Perhaps it's unfair to view Elvis Costello's recent Capitol Theater concert as typical of his latest tour.
A couple of weeks back, Elvis was supposed to take the town by storm: The Capitol on Friday, two shows at the Palladium Saturday and the Lone Star, Bottom Line and Great Gildersleeves Sunday night/Monday morning.
Instead, he began the weekend on a very un-Costello-like note by apologizing for some racist remarks quoted in the Village Voice. Never one to cater to the whims of the press (or the public), Elvis nevertheless felt obligated to set the record straight.
In fairness, he did seem concerned about more than his image; his very intentions were suspect.
He may sing "don't ask me to apologize, and I won't ask you to forgive me," but he also claims he was "misquoted out of context" and is "not a racist." Though he didn't mention it at the press conference, Elvis has headlined major "Rock Against Racism" rallies in England, and sings chillingly against fascism, both "emotional" and political.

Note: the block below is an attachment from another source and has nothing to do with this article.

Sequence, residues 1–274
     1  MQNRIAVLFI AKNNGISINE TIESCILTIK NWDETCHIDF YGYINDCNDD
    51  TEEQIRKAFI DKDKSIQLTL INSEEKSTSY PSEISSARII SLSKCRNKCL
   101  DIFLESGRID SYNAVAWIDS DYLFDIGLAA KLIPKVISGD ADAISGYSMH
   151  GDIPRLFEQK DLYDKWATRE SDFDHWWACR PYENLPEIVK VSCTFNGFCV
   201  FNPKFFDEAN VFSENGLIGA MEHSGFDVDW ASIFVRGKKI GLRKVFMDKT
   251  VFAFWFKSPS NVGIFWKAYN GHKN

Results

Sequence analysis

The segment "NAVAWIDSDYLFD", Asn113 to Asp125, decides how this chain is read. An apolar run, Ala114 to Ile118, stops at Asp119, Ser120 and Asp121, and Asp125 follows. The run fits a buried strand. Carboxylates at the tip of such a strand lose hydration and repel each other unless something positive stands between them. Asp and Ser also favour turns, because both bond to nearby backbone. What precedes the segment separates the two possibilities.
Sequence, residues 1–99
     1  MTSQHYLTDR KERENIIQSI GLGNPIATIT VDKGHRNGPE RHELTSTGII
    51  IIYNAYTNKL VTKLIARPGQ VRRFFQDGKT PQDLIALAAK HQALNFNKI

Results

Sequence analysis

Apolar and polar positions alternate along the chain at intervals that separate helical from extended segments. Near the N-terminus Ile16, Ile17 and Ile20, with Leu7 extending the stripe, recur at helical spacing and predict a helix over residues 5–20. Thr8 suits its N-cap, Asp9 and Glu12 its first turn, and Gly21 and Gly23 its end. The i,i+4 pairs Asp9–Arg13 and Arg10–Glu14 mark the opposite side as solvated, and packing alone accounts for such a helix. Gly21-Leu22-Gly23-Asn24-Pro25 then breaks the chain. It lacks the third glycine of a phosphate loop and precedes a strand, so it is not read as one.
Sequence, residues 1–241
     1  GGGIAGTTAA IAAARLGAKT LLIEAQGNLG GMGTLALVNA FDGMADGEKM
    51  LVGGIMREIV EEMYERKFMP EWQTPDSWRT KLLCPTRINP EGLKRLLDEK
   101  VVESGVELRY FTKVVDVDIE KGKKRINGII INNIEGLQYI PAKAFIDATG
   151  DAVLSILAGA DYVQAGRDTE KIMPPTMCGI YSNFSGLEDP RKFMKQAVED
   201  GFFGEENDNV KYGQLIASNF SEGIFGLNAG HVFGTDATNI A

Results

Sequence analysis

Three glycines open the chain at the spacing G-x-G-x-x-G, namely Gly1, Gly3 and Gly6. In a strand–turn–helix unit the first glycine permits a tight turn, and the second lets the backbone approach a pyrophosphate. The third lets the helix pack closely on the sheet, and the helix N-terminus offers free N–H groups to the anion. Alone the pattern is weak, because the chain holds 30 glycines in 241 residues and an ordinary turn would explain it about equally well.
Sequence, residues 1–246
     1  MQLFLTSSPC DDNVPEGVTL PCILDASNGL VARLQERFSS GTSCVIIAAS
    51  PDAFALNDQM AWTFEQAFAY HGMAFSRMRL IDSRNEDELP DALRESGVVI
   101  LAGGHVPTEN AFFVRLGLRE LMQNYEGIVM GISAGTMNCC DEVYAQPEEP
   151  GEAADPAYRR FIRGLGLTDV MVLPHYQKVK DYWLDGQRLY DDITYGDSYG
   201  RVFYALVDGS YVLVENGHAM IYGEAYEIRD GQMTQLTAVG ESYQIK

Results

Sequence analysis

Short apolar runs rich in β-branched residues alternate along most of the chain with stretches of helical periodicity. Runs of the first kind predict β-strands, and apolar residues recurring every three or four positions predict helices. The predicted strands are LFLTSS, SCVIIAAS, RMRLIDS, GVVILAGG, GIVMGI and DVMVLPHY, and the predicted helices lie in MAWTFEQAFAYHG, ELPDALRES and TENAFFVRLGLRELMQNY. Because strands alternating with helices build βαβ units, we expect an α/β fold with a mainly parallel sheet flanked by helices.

With all this to contend with, including reported death threats, Elvis was understandably not quite himself at his Capitol concert. Even though his band, the Attractions, never sounded tighter, the show had a hurried quality about it.
Even under these trying conditions, there were moments of brilliance. The air was thick with tension when Elvis did "The Beat" and "Lipstick Vogue." Almost reverential when he sang an impassioned "Alison," gripping the mic stand for support. And furiously energetic when he did several new songs, one appropriately titled "I Stand Accused."
Unlike many artists, who take no chances on new, untested material, Elvis Costello lets out all the stops. A new song called "Idle Hands" segues neatly into "Hand in Hand," and "High Fidelity" (I Can Hear it Now)" follows "Accidents Will Happen," the new single from Armed Forces (Columbia).
"Radio, Radio," the frenetic finale, was followed by a two-song encore, something Mr. Costello isn't always fond of doing.